Over the past week or so South Asia has featured very prominently in China’s diplomacy. This is particularly so concerning its relations with Pakistan, India and Nepal. There was a visit to Beijing by Prime Minister Imran Khan of Pakistan, immediately followed by a trip to India and Nepal by President Xi Jinping of China. For Beijing, there was an apparent cementing of bonds with Pakistan, some release of tensions with India, and an opening up of new vistas of cooperation with Nepal. There was the steady but inexorable drive of President Xi Jinping towards the realization of his cherished Zhang-guo Mung or ‘China Dream’. It implied the resurrection of China from centuries of inertia and its repositioning of itself to one of great strength as a contemporary superpower. The past few days saw all Xi’s endeavours directed towards the achievement of that goal.
This set of activities focussed on South Asia for Xi began with his hosting of Prime Minister Imran Khan of Pakistan in Beijing. The already close bilateral ties were witnessing a fruition in the past few years through China’s most important global scheme under the now-famous ‘Belt and Road Initiative’ (BRI), a key tool for the realization of the ‘China Dream’. But what was now giving it a fillip was the resurgence of the issue of Jammu and Kashmir following India’s decision to revoke that State’s special status under Article 370 of the Indian Constitution, and the ‘lockdown’ of the State in the wake of virulent public protests. For some years now China was moving to a position of near-neutrality between India and Pakistan on the Kashmir issue. It now seems that for a variety of reasons China has decided to come down starkly in favour of Pakistan.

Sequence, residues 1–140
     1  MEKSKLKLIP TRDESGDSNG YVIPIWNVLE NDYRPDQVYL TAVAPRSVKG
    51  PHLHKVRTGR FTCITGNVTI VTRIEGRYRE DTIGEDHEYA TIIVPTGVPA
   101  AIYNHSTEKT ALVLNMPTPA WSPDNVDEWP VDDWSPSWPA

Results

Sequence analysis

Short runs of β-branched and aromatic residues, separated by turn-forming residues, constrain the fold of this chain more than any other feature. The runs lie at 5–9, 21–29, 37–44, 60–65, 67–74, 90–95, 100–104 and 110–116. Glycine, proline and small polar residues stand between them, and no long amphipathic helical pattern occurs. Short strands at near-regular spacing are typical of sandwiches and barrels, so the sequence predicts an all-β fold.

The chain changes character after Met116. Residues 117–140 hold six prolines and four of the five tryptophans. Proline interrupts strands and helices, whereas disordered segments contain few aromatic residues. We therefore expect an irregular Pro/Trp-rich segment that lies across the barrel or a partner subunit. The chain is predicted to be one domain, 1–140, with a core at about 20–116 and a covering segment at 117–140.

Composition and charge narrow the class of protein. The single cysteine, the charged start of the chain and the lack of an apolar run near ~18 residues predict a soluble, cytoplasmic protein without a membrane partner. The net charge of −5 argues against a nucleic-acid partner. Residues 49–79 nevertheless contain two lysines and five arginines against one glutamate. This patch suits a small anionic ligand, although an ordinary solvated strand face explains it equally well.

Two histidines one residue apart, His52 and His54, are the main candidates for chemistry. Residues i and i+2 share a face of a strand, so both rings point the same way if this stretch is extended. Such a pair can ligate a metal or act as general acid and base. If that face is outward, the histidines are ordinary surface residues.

The Chinese position is that the revocation of Article 370 also alters the status of Ladakh which China claims to be disputed territory. It therefore means that China becomes a partner of Pakistan in its opposition to the alteration of Jammu and Kashmir’s special status. Consequently, China was an ardent advocate of the return of the Security Council focus on the Kashmir issue after decades of silence. The recent Council activity in this regard brought to the fore the hitherto largely dormant position of the United Nations Member States, that Kashmir, while being a ‘bilateral issue’ between India and Pakistan, also had several UN resolutions adopted on it that were still relevant. So, on the eve of Xi’s visit to India for an ‘informal summit’ with Prime Minister Narendra Modi, Imran Flew to Beijing and, besides the warm reception, was also was given the important reassurance that “China is paying close attention to the situation in Kashmir and the issue should be properly and peacefully resolved based on the UN Charter”.
New Delhi was perturbed as the sharp reactions indicated. However, the exigencies of political imperatives forced it to keep its cool. Indeed, Modi pulled out all the stops to make Xi welcome in the historic town of Mamallapuram in Tamilnadu for the second ‘informal summit’ the first having taken place in Wuhan in China in April last year. The resplendence of Xi’s reception was evidence in the extravaganza that accompanied it. The cultural skits at 34 or so spots along xi’s route, the arrests of a number of Tibetan dissenters and potential presenters, the pageantry and protocol, all indicated that Modi was out to please the visitor. Modi spoke of the current ‘Chennai Connect’ (in line with the Indian predilection for alliteration, note the ‘Howdy Modi’ fanfare in Texas!), hoping that it would ‘lead to the start of a new era of cooperation…”. Xi’s response was cautious and correct. He described their talks as ‘candid’, ‘heart-to -heart’, ‘in-depth’ and ‘good’. A careful parsing of the expressions would display a studied avoidance of exuberance.